COLUMBIA - Lawmakers should carve out an exemption for a type of medical marijuana that helps those with severe forms of epilepsy, a House panel decided Thursday.

The subcommittee passed a bill sponsored by Rep. Jenny Horne, R-Summerville, who is seeking an exemption for a type of medical marijuana extract called Cannabidiol oil, which does not include the chemical THC, associated with the "high" effects of marijuana.

CBD oil and medical marijuana treatment in general have caught on as stories of success from Colorado and a strain of marijuana known as "Charlotte's Web" have helped those with epilepsy. Horne and Sen. Tom Davis, R-Beaufort, also plan to work together as he pursues a separate Senate bill that looks to achieve the same goal.

Horne said the law she is seeking decriminalizes possession of CBD as long as there is a patient-doctor relationship.

An NBC Charleston reporter had asked Horne about a Summerville family who moved from South Carolina to Colorado in order to get access to the drug, Horne said. She has said it's unfortunate that Amanda De Nobrega's son, 3-year-old Julian, could not get treatment in the Palmetto State. She said she is calling the bill "Julian's Act."

"If this bill had been passed ... Julian's family would not have had to move to Colorado," Horne told the committee.

Those who testified at the subcommittee said the bill does not go far enough, and that there are benefits to other forms of medical marijuana. Also on Thursday, House Minority Leader Rep. Todd Rutherford, D-Richland, filed a broader bill that would offer patients the chance to be prescribed medical marijuana for severe illnesses, including cancer and multiple sclerosis.

"I hear devastating stories every single day from people who are battling epilepsy or suffering from a brain tumor who desperately need medical marijuana to treat the debilitating symptoms," Rutherford said in a statement.

Harriet Hilton, the grandmother of Mary Louise Swing, 6, who suffers from epilepsy, said that she worries that epilepsy sufferers will not be able to get access to the CBD oil even if the bill is passed.

The bill calls for clinical trials of a CBD-based drug, but very few can participate in such trials, Hilton said. While the bill would also allow doctors to prescribe CBD oil pharmaceuticals, it's unclear whether all doctors would be able to do so.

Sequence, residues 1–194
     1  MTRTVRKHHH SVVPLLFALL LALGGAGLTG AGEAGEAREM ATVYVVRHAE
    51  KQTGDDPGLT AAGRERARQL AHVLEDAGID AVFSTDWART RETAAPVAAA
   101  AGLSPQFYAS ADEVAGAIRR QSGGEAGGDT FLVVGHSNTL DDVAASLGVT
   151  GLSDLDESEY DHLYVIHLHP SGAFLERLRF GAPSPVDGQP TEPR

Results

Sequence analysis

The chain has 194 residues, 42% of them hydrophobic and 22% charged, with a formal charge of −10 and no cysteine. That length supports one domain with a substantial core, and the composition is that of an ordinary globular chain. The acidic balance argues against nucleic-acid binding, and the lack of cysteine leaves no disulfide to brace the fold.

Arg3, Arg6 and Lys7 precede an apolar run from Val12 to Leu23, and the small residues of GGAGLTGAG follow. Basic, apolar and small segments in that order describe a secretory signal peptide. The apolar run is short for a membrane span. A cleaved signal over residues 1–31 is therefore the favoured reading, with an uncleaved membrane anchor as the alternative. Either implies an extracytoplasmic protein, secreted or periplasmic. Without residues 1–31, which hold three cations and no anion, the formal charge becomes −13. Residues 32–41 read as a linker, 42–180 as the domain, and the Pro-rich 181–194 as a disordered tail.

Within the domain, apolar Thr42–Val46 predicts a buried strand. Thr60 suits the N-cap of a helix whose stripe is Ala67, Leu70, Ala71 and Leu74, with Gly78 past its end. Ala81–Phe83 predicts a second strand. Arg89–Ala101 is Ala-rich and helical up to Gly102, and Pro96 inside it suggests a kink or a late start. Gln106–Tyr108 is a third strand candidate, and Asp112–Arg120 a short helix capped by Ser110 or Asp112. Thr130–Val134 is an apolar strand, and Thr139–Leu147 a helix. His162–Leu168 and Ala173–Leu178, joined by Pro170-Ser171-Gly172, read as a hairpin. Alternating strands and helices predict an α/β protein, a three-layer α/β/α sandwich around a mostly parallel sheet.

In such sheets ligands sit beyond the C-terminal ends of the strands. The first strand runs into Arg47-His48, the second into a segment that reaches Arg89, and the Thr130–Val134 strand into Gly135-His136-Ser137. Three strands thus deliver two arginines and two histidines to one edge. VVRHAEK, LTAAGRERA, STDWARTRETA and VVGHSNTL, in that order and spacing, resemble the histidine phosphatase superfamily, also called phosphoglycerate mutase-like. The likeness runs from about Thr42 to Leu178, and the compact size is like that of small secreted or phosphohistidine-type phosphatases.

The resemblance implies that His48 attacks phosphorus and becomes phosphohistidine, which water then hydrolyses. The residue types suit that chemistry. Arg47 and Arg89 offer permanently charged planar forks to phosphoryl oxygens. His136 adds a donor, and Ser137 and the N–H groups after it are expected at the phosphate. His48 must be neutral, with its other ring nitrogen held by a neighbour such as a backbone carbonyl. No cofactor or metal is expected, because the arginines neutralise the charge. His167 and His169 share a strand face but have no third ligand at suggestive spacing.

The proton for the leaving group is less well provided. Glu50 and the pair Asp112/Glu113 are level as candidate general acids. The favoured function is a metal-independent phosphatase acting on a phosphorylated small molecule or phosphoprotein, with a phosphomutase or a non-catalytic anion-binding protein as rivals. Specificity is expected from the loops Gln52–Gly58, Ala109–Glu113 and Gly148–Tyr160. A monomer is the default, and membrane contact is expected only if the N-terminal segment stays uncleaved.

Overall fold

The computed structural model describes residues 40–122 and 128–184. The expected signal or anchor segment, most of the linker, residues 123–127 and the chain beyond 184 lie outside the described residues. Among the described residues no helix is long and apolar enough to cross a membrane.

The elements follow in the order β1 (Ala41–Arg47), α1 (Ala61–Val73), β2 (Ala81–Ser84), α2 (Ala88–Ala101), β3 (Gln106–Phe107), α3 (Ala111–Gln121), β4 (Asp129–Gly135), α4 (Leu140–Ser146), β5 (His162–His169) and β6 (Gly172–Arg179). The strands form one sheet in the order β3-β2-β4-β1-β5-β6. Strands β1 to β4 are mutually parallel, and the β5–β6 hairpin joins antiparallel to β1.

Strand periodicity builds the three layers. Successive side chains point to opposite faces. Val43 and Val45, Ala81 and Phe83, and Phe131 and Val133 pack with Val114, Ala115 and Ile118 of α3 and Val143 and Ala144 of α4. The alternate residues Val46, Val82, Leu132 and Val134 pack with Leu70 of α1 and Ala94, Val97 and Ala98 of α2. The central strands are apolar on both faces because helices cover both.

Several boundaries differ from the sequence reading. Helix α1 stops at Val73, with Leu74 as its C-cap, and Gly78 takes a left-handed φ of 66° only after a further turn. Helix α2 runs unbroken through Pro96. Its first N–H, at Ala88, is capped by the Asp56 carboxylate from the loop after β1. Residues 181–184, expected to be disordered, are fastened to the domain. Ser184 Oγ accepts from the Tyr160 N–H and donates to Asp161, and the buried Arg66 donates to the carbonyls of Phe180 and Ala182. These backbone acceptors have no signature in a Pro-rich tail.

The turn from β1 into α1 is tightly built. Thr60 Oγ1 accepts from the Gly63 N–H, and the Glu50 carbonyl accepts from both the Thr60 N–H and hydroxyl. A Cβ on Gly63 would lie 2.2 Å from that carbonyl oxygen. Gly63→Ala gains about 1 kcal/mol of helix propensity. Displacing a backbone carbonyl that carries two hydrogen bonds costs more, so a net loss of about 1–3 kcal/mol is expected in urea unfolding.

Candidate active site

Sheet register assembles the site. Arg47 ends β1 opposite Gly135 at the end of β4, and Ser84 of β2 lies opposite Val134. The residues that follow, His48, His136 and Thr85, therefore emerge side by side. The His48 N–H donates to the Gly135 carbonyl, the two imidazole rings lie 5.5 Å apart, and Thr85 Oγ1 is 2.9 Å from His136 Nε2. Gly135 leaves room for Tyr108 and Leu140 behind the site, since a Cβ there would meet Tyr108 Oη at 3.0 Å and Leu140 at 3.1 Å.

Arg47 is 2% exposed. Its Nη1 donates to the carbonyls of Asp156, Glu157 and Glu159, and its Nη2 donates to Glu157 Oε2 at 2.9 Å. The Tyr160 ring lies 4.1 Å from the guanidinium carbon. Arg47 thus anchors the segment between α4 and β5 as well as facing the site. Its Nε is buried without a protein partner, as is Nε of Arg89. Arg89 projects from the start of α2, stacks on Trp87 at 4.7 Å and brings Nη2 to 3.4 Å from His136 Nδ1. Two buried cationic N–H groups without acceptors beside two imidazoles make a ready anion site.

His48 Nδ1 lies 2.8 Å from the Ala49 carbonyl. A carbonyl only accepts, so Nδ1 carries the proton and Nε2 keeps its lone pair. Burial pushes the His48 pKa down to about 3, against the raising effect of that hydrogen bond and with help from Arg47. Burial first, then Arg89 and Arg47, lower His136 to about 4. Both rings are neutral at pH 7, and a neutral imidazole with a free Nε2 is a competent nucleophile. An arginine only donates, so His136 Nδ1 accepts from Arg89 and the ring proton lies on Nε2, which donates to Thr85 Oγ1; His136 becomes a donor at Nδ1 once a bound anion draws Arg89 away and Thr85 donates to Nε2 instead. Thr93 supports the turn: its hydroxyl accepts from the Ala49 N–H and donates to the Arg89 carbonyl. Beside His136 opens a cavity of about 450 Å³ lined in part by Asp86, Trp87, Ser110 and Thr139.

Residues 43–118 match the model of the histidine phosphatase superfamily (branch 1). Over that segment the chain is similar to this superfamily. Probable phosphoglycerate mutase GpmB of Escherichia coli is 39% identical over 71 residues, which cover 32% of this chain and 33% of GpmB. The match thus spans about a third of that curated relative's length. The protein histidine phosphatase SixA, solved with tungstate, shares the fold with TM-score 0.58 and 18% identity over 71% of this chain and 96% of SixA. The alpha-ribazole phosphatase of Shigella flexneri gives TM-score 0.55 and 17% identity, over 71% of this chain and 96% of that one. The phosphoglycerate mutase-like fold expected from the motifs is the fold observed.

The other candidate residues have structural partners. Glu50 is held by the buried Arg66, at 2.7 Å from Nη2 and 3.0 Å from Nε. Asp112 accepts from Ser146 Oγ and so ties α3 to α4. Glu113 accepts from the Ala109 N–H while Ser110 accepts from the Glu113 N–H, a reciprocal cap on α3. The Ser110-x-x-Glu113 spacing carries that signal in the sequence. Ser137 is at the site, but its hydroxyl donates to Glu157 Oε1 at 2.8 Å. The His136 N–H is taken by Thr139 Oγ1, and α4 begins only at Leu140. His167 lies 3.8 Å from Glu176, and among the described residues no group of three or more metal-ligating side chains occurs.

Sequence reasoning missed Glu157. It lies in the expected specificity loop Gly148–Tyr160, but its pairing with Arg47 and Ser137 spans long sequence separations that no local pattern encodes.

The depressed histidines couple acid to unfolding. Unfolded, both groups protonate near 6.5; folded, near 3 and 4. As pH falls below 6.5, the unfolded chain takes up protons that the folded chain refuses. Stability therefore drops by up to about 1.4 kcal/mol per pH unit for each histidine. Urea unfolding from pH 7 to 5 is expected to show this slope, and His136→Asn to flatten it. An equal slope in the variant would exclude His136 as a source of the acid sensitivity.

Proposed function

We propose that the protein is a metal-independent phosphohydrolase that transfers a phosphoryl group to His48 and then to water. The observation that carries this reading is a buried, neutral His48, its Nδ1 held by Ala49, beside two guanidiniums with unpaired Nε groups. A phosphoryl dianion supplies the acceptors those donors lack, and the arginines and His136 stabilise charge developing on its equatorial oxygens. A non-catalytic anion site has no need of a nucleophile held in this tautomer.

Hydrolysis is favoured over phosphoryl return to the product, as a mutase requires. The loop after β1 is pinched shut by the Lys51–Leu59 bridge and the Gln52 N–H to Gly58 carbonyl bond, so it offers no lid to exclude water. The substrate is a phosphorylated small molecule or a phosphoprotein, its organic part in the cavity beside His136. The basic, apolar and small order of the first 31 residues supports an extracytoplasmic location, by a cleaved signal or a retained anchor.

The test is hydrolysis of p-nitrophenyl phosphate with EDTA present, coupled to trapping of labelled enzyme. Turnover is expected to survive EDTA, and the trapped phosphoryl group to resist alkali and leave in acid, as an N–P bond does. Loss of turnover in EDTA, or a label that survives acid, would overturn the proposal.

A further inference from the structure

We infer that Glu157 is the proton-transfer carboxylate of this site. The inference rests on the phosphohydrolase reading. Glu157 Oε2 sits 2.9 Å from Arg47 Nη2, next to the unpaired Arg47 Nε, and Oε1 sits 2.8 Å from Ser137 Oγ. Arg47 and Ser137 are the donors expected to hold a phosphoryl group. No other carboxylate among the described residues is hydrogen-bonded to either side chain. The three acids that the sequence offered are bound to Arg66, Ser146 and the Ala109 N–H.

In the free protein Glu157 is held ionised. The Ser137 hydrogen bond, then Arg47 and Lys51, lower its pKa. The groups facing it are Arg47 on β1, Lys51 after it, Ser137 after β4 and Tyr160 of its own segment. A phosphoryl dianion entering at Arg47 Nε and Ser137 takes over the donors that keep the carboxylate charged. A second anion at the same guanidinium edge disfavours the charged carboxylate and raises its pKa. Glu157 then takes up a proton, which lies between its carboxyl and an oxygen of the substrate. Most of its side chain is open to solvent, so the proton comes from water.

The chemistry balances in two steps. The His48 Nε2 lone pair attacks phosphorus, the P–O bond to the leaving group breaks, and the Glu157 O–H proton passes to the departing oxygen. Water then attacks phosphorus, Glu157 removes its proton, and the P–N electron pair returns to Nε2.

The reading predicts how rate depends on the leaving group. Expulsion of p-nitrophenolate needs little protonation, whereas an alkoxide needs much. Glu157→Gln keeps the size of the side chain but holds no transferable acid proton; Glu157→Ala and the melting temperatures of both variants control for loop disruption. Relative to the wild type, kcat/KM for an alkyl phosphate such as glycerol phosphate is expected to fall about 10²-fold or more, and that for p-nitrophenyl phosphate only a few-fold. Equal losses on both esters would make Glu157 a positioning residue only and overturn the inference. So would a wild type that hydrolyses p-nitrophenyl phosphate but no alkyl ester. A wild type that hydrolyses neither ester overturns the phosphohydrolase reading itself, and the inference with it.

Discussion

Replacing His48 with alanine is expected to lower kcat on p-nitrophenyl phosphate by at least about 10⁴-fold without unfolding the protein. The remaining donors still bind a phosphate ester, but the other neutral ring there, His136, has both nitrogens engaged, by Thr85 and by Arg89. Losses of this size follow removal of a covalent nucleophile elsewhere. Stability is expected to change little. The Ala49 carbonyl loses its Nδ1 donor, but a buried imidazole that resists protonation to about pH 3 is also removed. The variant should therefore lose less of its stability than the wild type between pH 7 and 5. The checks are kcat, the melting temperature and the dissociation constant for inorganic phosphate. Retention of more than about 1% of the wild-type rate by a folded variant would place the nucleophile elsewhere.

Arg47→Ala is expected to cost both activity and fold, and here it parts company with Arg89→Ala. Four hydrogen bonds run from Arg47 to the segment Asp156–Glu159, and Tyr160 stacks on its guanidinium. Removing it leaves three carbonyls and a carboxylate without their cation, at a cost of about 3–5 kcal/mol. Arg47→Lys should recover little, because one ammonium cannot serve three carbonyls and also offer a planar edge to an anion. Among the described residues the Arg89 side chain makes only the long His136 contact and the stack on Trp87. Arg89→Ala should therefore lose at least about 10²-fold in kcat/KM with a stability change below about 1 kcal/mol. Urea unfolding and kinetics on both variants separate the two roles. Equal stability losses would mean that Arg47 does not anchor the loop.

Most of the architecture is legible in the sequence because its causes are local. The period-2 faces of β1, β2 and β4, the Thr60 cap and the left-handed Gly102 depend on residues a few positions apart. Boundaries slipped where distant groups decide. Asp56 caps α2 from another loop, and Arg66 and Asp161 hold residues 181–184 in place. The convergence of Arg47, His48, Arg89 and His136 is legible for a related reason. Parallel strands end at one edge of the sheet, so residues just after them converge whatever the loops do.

"There are thousands of children that need this," Hilton said. "There is not going to be enough access and enough of the oil for people who need it."

Rep. Kris Crawford, R-Florence, an emergency room physician, said that prescribing CBD oil is well within the "bright white lines" of accepted medical practice. Medical marijuana also has been known to have other positive effects, but there are very few accepted scientific studies on the issue, he and others said.

Because federal law outlaws medical marijuana, it can put doctors in a difficult spot, even if they're allowed to prescribe medical marijuana under state law, Crawford said. He said some of those issues should be addressed as other lawmakers weigh in when the full House Judiciary Committee considers the bill.

Chris Raffield, 45, of Sumter, said the proposed measure doesn't go far enough. Raffield attended the hearing but didn't get the chance to speak.

As a former law enforcement agent from a conservative family, Raffield said he never thought he'd be an admitted marijuana user. But debilitating multiple sclerosis and brain and spinal problems have caused him large amounts of physical pain and nausea, he said.

As a former state trooper, he said he doesn't buy the drug, but others deliver it to him. It increases his appetite and helps with pain, he said.

"We're not criminals," he said of people who smoke marijuana for medical reasons. "I believe it's a lot more safe than alcohol. Why aren't we going ahead and doing it? It's time to stop being scared."

Reach Jeremy Borden at 843-708-5837 or on Twitter @Jeremy_Borden.